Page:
The level of infection in a population is measured by prevalence and incidence. Prevalence refers to the prevailing level of a condition within a defined population, and is best applied to conditions without a clearly identifiable onset, such as most helminthic infections, chronic toxoplasmosis, Chagas’ disease (or malignant, degenerative or metabolic diseases). It is measured by a single study of a population over a brief time-period (cross-sectional survey measuring point prevalence or period prevalence). Incidence refers to the number of new cases acquired per unit of population per unit of time, and is more meaningful for acute, short events (incidents), with an identifiable beginning (or end!) e.g. many viral infections, acute malaria (or deaths, or accidents). It can be measured only by monitoring a population over a sufficient period or time (longitudinal study) and determining the rate increase or decrease (difference in prevalence over time). Obviously, the incidence, prevalence and duration of a particular condition are closely and simply inter-related. An epidemic occurs when the incidence of new cases significantly exceeds the usual rate; if the disease is protracted, this will be reflected by an increase in prevalence as well.

Quantitation of infection

Infective organisms have been categorized as either micro-parasites, which are multiplicative, i.e. they multiply directly within the host (all the microbes, plus protozoa) or macro-parasites, which are cumulative, i.e. they generally cannot multiply in the host; their numbers depend on how many infective eggs or larvae are taken on board. Ectoparasites do not happily fit into this classification, for they are clearly “macro”, but often can multiply to huge populations on the one host. However, their development may be considered “external”, as they usually reside outside the host on the surface. The term “infestation”, sometimes used for macro-parasitic infections, is going out of fashion, but can be applied to contaminated inanimate objects, e.g. a house infested with fleas, or bushland infested with ticks.

Infection with micro-parasites is an all-or-none situation; you either have measles, influenza, bubonic plague, toxoplasmosis, giardiasis, etc., or you don’t. It is not often possible, or necessary, to quantify reliably the intensity of such an infection (number of organisms on board a host). Note that mean intensity differs from mean abundance: the former being the average number of parasites per infected host; the latter being the average number of parasites in all hosts, i.e. including non-infected hosts. In many instances, the severity of disease is not reliably related to the numbers of parasites detectable in blood, tissues or secretions (a notable exception is malaria, in which the percentage of infected red cells can be estimated and sometimes is important clinically). In the case of helminths and arthropods, which are generally visible macroscopically as discrete individuals, the number of organisms is meaningful, because it can be measured and does influence the likelihood or severity of disease. Therefore, in epidemiological studies of macro-parasitic infections, their intensity becomes important, in addition to incidence and prevalence. Virtually all population studies have shown that the intensity of infection does not follow a normal distribution, but exhibits an “aggregated” or “over-dispersed” pattern: a small number of hosts harbour most of the parasites, whereas most individuals carry few or no parasites. This phenomenon has been characterized mathematically (“negative binomial distribution”), but remains to be explained from first principles.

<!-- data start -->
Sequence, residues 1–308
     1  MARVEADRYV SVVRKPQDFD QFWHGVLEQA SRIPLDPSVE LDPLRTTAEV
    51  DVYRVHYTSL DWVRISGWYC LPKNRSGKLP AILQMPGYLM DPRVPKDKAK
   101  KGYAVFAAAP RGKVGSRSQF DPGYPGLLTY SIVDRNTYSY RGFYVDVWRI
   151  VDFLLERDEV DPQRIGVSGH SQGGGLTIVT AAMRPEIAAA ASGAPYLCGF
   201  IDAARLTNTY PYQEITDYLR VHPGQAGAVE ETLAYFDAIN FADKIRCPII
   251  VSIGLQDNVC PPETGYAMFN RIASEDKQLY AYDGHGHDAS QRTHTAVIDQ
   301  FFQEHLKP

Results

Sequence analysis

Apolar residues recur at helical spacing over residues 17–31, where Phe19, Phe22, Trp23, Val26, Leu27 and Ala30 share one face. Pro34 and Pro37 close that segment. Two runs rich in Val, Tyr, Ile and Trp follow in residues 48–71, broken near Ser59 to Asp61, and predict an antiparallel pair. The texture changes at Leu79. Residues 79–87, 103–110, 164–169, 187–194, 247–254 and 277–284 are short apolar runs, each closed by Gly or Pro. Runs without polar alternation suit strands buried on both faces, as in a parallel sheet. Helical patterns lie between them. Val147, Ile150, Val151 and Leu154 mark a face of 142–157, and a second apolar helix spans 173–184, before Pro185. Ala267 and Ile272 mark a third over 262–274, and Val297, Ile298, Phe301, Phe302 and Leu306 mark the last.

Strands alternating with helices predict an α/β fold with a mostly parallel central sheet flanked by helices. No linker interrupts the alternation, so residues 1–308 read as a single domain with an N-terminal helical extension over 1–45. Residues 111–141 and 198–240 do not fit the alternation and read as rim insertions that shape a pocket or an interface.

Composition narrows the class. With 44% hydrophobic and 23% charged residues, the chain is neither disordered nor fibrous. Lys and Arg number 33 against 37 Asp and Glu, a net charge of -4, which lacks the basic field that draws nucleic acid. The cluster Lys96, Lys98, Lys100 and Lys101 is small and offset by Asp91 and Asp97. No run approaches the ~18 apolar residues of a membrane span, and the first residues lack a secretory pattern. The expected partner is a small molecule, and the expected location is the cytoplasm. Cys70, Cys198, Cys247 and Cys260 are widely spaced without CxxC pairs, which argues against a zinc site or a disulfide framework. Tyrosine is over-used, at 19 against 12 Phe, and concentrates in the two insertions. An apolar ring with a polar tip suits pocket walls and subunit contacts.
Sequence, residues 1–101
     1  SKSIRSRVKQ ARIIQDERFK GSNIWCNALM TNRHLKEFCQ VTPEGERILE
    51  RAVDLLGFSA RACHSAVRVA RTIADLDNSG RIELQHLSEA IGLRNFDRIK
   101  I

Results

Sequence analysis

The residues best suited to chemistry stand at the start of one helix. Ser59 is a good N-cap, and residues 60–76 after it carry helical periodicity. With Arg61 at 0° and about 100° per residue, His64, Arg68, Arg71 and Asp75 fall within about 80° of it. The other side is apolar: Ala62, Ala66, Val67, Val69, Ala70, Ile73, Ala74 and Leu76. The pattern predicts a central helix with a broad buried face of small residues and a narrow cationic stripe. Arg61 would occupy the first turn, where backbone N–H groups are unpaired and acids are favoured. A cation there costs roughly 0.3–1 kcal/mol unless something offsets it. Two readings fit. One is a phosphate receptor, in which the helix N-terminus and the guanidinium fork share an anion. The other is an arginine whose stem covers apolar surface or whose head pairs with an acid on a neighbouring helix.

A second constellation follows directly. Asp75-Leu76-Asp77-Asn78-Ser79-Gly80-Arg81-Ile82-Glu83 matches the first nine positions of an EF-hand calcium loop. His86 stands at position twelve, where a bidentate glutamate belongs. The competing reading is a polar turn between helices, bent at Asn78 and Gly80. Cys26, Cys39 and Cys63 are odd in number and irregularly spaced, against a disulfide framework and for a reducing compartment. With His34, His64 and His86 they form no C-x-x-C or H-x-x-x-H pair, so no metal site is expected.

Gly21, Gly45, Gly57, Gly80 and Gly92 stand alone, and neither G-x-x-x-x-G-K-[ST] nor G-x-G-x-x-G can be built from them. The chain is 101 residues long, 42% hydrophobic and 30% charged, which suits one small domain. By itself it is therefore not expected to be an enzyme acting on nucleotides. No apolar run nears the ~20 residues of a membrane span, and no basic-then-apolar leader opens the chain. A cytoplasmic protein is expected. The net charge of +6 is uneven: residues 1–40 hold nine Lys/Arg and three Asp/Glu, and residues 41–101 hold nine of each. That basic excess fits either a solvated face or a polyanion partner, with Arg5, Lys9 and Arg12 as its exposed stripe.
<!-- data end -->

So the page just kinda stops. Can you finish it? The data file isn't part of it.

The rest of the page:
Clinical and pathological considerations

While, by definition, a parasite should evoke a host reaction, there need not be any obvious adverse effects because, in the great majority of cases, infected individuals exhibit little evidence of disease. In many cases, it can be difficult or impossible to determine whether an organism is a parasite or commensal (e.g. many intestinal protozoa, and worms). However, other parasite infections do cause serious disease, to such an extent that they become major public health problems. It is generally assumed that, the longer a parasite and its host species have co-evolved, i.e. have had time to adapt to each other, the less pathogenic the infection becomes. On the other hand, infections with parasites that are poorly adapted to humans (e.g. zoonoses) are more likely to cause serious disease. However, there are many exceptions to these “rules”. Remember, clinicians generally only see those individuals who develop disease; there may be many more who remain well, even though infected. Clinicians often liken this scenario to observing an “iceberg” – they generally only see the tip-of-the-iceberg (hosts with disease) while the bulk remains hidden (hosts with subclinical infections, asymptomatic carriers).